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I am using the following regex to validate my password strength.

^(?=.*[a-z]{1,})(?=.*[A-Z]{1,})(?=.*[0-9]{1,})(?=.*[@\#\$%\^&\+=!\?\*]{1,}).{8,12}$

8-12 chars, at least 1 lower case, 1 uppercase, 1 number, and 1 special char from the approved list. (I know that I can't just set {1,4} in the look ahead and have it work correctly, but I am hoping to resolve that soon, so I left it the way it is.)

The expression seems a little verbose, but my users can set their own password rules, this seemed like the best way to create interchangeable parts in the regular expression.

To this I want to add that all characters must be in the set

[A-Z]|[a-z]|[0-9]|[@\#\$%\^&\+=!\?\*]

If any characters are not in that set the line should not match.

Unfortunately, I'm not finding the correct way to express this. Any help is much appreciated.

I'm using the .net implementation if that is relevant to the discussion.

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Why are you preventing users from using additional characters? That reduces the password strength. –  zzzzBov Mar 4 '11 at 18:11
    
In general I agree with you, however, in this instance it's simply in the business requirements that I am trying to meet. –  Matthew Vines Mar 4 '11 at 18:41

2 Answers 2

up vote 1 down vote accepted

You could use a negative look-around to have the match fail in case a anything not defined in the set is found.

First, group all the characters into one class and specify that you want to match anything not in this class by using a caret at the beginning:

[^A-Za-z0-9@\#\$%\^&\+=!\?\*]

Next, update the pattern with this negative character class and a negative look-around:

@"^(?!.*[^A-Za-z0-9@\#\$%\^&\+=!\?\*])(?=.*[a-z]{1,})(?=.*[A-Z]{1,})(?=.*[0-9]{1,})(?=.*[@\#\$%\^&\+=!\?\*]{1,}).{8,12}$"

Also, you usually don't need to escape metacharacters within a character class, so you could further clean up the pattern by removing the escapes. That would shorten the pattern to this:

@"^(?!.*[^A-Za-z0-9@#$%^&+=!?*])(?=.*[a-z]{1,})(?=.*[A-Z]{1,})(?=.*[0-9]{1,})(?=.*[@#$%^&+=!?*]{1,}).{8,12}$"

Of course if you allow a dash be sure to escape it or place it at the start or end of a character class to avoid accidentally specifying a range of characters. This is important if your users can supply the pattern info, in which case you might want to use the Regex.Escape method on any user supplied input.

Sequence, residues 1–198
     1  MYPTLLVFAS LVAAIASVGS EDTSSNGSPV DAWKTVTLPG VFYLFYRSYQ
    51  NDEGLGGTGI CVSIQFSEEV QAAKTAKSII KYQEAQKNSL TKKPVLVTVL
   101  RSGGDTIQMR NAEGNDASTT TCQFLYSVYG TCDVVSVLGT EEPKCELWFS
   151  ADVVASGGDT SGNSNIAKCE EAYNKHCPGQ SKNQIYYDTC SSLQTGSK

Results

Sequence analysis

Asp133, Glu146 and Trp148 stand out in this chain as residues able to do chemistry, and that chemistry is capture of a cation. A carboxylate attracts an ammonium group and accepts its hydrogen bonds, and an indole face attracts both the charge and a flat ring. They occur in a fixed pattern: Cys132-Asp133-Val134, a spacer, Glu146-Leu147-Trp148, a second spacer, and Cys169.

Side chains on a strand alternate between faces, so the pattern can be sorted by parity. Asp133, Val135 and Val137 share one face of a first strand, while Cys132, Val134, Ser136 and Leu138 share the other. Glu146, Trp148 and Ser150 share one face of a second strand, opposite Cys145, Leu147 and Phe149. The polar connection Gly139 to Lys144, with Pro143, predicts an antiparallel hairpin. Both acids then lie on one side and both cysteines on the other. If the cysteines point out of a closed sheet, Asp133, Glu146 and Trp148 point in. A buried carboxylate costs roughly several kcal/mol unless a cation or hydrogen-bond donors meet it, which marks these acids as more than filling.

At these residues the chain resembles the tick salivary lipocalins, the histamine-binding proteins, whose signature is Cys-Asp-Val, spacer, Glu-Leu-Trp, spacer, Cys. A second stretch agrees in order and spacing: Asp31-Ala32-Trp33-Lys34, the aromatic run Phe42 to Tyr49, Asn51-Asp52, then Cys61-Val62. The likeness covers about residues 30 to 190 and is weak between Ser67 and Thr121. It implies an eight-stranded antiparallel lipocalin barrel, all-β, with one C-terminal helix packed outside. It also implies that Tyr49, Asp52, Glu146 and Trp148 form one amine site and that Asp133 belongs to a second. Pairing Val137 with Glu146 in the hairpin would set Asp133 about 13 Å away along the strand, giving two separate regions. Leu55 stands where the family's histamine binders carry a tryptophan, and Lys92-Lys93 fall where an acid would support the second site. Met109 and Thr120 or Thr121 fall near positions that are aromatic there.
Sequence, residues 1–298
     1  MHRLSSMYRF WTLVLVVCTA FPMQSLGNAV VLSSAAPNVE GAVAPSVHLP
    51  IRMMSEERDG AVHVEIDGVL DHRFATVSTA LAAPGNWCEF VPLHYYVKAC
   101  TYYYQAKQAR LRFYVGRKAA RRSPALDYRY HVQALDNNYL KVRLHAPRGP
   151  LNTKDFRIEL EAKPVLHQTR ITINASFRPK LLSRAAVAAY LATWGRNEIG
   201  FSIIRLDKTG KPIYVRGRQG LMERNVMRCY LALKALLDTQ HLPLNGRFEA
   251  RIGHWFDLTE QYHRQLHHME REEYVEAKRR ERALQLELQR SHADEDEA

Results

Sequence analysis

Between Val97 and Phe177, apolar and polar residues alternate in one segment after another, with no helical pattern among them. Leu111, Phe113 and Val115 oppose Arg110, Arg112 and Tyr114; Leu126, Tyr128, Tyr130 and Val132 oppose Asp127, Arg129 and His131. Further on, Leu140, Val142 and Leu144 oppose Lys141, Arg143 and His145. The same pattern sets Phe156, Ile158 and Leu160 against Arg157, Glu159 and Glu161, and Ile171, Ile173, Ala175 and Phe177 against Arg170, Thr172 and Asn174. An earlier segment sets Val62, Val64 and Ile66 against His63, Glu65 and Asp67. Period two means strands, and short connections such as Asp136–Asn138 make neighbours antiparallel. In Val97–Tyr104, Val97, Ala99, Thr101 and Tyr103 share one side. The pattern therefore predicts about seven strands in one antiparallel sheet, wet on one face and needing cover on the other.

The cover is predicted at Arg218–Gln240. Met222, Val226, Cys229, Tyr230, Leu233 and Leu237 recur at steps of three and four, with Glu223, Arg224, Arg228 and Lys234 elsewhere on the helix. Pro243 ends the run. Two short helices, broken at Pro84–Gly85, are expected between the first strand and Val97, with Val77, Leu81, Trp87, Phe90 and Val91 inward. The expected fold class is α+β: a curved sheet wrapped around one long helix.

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I don't see why you're using regex in this way. Passwords don't follow a pattern, they follow a set of rules. Instead of trying to match it to a pattern, check it against a set of rules:

Psuedo-code:

function checkPassword(password, rules)
{
  for (i = 0; i < rules.length; i++)
  {
    if ( !rules[i]( password ) ) return false;
  }
  return true;
}

function hasCapital(password)
{
  return password.matches(/[A-Z]/);
}
function hasLower(password)
{
  return password.matches(/[a-z]/);
}
function hasNumber(password)
{
  return password.matches(/[0-9]/);
}
function hasSpecial(password)
{
  return password.matches(/[@\#\$%\^&\+=!\?\*]/);
}

password = getPassword();
passwordIsValid = false;
rules = [];
rules[] = hasCapital;
rules[] = hasLower;
rules[] = hasNumber;
rules[] = hasSpecial;

passwordIsValid = checkPassword( password, rules );

This format is modular, you can specify whatever rules you want, and it will let you know if any have been broken. Additionally, you'll notice that the actual RegEx used makes sence, and is therefor debuggable.

If you're using RegEx it should simplify your code, not make it more difficult to understand.

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My first instinct was to do much the same thing you have here, however, there are some nifty password strength controls that take a regex expression to validate against. So I decided to use a regex construction technique. These features are not manditory however, so I may indeed end up back on an implementation like the one you have shared. –  Matthew Vines Mar 4 '11 at 18:44

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